Added to this problem are the cases of athletes forced to isolate themselves for having had contact with infected people on their way to Japan or after landing (the last, six British athletes), and of delegations that have delayed their trip because a member gave positive before leaving. Since July 2, the organizers have reported 58 positives among athletes, journalists and personnel directly linked to the Games, which has set off alarms at the possibility of a catastrophic outbreak in the Villa, which will host some 11,000 athletes.

The possibility of an outbreak terrifies organizers. Athletes who tested positive, and their close contacts, would have to isolate themselves and be unable to participate in competitions.

To the pessimism that reigns among many, there is also the withdrawal of important sponsors. The Japanese car manufacturer Toyota, initially committed to sponsoring the four-year event, announced this Monday that it will not broadcast television commercials advertising the Games because these “have become an event that does not have the approval of the public.” . The Toyota Motor Corporation has also announced that neither its executive director, Akio Toyoda, nor other senior officials will attend the opening ceremony this Friday to disengage from the contest.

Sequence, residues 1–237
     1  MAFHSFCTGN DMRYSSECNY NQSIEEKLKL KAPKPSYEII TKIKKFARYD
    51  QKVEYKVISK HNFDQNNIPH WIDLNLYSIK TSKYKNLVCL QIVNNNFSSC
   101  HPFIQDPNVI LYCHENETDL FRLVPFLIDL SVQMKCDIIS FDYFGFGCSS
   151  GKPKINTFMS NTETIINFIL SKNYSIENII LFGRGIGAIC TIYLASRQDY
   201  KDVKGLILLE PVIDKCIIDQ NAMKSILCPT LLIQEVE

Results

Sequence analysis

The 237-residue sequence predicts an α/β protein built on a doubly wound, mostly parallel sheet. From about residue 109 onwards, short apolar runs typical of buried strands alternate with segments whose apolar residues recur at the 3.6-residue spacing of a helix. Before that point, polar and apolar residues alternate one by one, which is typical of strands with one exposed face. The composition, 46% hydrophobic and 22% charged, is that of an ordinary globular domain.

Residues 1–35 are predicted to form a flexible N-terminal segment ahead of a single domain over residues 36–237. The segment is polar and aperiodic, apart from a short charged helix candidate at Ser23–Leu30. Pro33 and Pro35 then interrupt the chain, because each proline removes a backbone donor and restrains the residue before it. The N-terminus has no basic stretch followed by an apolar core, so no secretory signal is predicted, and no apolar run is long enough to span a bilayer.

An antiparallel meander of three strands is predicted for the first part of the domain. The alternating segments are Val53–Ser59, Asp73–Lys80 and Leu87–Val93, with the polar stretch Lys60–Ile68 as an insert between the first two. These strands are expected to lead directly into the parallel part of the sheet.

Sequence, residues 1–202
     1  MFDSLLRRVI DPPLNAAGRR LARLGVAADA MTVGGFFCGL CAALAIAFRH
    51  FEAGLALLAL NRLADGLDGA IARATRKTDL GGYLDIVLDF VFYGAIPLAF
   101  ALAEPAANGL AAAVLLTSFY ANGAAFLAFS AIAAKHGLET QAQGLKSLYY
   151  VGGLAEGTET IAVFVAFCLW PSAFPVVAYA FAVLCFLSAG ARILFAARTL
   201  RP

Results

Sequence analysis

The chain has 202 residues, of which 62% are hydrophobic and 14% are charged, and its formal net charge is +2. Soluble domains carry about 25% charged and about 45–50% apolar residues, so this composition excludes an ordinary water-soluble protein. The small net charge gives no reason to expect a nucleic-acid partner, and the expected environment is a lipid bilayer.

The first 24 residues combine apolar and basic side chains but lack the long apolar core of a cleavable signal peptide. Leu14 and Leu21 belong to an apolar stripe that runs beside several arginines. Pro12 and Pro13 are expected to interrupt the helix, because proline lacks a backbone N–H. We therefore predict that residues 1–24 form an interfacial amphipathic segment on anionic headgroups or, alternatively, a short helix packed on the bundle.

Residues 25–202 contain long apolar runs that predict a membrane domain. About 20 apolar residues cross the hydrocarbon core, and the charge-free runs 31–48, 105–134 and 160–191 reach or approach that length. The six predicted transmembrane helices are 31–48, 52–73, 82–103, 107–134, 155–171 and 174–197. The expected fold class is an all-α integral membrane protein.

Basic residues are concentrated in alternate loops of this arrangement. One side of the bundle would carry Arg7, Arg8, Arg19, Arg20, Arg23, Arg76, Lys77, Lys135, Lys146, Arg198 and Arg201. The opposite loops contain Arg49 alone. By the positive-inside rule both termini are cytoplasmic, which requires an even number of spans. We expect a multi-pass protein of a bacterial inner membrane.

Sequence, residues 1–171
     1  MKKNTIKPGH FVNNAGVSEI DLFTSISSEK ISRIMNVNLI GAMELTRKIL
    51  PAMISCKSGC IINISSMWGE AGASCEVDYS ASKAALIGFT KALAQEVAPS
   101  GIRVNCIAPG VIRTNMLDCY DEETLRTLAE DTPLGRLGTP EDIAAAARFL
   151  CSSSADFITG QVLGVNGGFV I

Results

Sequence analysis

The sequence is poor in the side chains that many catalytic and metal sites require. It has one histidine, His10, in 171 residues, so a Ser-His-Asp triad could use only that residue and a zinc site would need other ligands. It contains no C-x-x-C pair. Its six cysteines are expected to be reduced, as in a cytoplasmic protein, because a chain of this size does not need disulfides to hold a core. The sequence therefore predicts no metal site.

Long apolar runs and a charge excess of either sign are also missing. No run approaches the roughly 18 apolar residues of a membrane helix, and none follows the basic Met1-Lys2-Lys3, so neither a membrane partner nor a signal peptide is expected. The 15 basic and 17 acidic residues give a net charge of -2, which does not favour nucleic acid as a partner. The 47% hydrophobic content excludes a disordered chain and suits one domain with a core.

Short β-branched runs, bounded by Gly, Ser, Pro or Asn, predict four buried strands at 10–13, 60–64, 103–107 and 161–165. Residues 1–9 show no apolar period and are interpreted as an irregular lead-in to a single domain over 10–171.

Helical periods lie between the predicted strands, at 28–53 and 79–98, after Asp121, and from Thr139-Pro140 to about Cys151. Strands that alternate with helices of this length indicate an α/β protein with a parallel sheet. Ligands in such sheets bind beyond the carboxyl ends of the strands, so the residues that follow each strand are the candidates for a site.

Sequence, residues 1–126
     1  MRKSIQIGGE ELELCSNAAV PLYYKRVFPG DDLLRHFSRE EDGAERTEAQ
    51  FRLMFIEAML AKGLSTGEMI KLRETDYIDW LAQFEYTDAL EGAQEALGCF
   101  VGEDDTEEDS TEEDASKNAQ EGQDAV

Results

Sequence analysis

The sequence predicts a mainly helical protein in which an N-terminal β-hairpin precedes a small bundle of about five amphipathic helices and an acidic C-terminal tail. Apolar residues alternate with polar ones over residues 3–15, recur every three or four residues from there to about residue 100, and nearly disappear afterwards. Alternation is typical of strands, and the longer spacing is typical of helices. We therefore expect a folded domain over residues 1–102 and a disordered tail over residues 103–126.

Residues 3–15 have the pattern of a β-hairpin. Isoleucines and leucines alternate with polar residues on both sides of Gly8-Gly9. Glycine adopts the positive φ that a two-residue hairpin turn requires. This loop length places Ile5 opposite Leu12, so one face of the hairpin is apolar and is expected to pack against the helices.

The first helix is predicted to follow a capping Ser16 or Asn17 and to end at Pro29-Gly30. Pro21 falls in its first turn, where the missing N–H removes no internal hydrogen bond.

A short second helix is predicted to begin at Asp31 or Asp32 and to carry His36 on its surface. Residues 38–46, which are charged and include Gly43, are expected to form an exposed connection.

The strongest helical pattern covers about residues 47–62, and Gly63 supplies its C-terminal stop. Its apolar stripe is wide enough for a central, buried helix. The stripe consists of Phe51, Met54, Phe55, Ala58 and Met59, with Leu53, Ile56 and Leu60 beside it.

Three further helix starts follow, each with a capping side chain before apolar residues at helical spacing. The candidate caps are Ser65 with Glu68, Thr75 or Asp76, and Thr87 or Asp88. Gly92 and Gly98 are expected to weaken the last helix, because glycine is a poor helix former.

Around 60 Japanese companies, which have disbursed some 3,000 million dollars in sponsorship rights, are faced with the dilemma of breaking their link with the Games or having their brand continue to associate with them, despite not having managed to earn the award. favor of Japanese society, according to Reuters.

On the political level, the Games have once again served as the stage for friction between Japan and its neighbor South Korea. This weekend, the Japanese newspaper Yomiuri He realized that South Korean President Moon Jae-in would travel to Japan for a summit with the prime minister. This Monday, Seoul indicated that “last minute obstacles” forced Moon to remain in his country. The decision comes after South Korea protested comments by a Japanese diplomat ridiculing Moon’s attempts to improve bilateral relations, particularly strained in recent years over land, trade and military cooperation disagreements.

The weekend broke out another controversy involving these two nations. After Japanese far-right groups protested the presence in the Olympic Village of some flags placed by the South Korean delegation, the IOC, calling them “provocative”, forced them to be removed. It was a set of ensigns that formed the sentence “I have the support of 50 million Koreans”, a quote that refers to the words of a Korean hero during the Japanese invasions between 1592 and 1598.

Consequently, the IOC has also prohibited the Japanese delegation from displaying the flag of the “rising sun” (representing a red sun from which 16 rays emanate) in stadiums and other sports facilities as it is offensive in some countries of the world. Asia as it is an imperial symbol. The South Korean Olympic Committee formally asked the organizing committee of the Games in 2019 to ban it during the event, even comparing it with the Nazi swastika. Then, their claims were rejected and now it has been the IOC that has spoken out against the waving of said banner “so that political problems do not arise,” as reported in a statement.